Today’s Studio Sunday artist is Kenton Nelson. Born in Los Angeles and now based in Pasadena, California, Nelson is a painter best known for his bright figurative works that draw inspiration from American murals and painting from the 1930’s.
Nelson’s studio space, pictured here, looks pleasantly warm and homey. This isn’t the hangar-like white-walled space that we often see large-scale painters working in. Instead, the studio has inviting, warm-hued walls and a large, heavy bookcase that appears to take up the entire far wall. I really enjoy that book shelf – to me it would be important to have access to references and inspirations right in the studio, and Nelson seems to share that thought.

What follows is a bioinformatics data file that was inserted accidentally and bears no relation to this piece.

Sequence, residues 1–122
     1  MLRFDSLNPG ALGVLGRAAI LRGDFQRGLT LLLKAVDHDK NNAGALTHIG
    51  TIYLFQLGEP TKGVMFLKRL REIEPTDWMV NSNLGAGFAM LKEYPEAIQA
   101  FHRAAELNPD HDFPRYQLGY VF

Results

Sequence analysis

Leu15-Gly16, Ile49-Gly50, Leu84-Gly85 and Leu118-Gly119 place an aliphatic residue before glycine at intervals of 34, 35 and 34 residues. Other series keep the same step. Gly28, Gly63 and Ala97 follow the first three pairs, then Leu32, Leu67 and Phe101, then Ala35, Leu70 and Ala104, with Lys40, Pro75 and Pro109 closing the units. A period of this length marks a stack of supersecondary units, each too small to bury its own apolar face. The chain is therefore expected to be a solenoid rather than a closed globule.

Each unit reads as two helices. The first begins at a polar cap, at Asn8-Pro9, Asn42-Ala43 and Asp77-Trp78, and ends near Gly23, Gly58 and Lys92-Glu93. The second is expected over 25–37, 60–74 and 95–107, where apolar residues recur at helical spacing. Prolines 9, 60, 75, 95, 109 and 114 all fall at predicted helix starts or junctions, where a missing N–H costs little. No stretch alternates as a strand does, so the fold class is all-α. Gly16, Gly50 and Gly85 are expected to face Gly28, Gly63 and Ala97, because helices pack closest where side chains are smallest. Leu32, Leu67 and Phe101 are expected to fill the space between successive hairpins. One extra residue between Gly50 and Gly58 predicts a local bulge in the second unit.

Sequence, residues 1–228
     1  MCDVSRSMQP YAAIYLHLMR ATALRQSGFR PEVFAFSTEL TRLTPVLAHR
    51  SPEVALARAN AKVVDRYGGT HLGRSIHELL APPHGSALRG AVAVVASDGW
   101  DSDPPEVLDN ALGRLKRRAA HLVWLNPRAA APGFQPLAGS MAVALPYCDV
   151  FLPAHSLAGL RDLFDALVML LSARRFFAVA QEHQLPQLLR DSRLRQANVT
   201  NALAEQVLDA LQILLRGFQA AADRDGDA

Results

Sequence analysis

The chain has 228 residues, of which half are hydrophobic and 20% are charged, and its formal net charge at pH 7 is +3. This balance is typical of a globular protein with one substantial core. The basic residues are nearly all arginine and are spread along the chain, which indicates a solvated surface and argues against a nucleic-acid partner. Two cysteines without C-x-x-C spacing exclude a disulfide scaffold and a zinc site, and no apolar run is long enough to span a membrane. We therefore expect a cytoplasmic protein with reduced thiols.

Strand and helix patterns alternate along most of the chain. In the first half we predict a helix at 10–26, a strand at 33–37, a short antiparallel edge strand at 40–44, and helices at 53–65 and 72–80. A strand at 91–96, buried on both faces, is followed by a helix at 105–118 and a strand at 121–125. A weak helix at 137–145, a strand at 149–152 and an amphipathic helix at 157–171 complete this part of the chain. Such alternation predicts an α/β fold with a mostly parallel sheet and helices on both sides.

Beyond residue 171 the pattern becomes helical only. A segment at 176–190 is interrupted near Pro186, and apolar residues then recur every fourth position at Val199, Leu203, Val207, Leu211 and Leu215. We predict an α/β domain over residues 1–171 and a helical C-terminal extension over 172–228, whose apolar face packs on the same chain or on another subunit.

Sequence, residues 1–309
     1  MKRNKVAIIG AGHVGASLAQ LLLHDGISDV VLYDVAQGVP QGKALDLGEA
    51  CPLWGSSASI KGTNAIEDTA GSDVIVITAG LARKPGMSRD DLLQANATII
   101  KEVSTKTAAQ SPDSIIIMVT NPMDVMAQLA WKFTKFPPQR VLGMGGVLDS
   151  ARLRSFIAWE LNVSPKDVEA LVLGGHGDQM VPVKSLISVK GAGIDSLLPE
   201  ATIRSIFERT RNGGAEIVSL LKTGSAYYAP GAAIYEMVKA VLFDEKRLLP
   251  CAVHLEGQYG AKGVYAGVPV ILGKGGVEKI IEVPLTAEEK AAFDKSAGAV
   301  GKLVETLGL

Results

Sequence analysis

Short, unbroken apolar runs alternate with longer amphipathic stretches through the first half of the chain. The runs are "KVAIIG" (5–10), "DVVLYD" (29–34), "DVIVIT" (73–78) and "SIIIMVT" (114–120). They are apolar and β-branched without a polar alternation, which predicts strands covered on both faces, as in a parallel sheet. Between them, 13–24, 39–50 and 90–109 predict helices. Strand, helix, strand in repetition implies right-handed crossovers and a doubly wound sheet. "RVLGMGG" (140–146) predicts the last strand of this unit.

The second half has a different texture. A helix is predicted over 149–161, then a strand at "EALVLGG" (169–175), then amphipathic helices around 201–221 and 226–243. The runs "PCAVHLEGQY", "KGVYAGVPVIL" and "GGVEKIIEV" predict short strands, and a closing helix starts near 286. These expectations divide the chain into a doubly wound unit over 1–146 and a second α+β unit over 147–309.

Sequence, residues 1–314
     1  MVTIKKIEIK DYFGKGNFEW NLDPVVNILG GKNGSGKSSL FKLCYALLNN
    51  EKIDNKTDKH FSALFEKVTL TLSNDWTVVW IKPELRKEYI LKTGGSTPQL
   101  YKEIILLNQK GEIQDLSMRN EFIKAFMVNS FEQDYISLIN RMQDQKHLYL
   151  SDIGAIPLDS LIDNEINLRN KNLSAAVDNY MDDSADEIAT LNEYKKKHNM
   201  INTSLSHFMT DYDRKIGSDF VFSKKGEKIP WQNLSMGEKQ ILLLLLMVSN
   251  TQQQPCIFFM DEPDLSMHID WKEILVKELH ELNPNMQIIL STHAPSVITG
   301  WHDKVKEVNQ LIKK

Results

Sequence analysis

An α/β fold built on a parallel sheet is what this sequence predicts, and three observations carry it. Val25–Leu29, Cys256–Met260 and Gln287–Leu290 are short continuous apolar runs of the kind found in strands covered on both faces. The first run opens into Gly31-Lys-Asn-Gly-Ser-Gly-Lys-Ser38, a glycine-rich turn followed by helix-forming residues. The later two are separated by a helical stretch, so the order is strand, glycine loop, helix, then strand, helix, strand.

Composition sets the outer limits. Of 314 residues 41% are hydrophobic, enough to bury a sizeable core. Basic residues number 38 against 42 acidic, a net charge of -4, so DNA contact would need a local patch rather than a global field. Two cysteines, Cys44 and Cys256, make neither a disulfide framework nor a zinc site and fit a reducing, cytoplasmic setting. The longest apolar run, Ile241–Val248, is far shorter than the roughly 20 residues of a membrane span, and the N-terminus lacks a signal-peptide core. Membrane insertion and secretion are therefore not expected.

The shelf, too, is absolutely packed with materials. It keeps a nice balance between totally clutter, and sleek organization. It looks very lived-in. I also quite enjoy the row of windows above the bookshelf that give the impression of being lower than ground level. Perhaps this is a basement studio, all the better to keep cool during California summers.
Nelson’s solid-looking wooden easel furthers the heavy, studious look of the furniture. While the aesthetic is quite a bit different, the overall feeling of this studio space reminds me of the studio of David Shrigley. It’s another home studio where it seems very well-integrated into the overall look of the home.
Kenton Nelson’s paintings have been featured five times on the cover of The New Yorker, and have been featured in exhibitions all over the United States and Europe. The artist’s style, which bathes the subjects in idealistic, dramatic sunlight, references an invitingly optimistic point in U.S. history.